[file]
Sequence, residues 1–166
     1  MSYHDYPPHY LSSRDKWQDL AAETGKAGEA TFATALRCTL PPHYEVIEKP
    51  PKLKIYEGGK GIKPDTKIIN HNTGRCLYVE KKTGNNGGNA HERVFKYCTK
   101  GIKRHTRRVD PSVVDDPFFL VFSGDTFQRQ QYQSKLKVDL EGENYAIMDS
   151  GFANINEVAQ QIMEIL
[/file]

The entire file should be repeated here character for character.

Sequence, residues 1–166
     1  MSYHDYPPHY LSSRDKWQDL AAETGKAGEA TFATALRCTL PPHYEVIEKP
    51  PKLKIYEGGK GIKPDTKIIN HNTGRCLYVE KKTGNNGGNA HERVFKYCTK
   101  GIKRHTRRVD PSVVDDPFFL VFSGDTFQRQ QYQSKLKVDL EGENYAIMDS
   151  GFANINEVAQ QIMEIL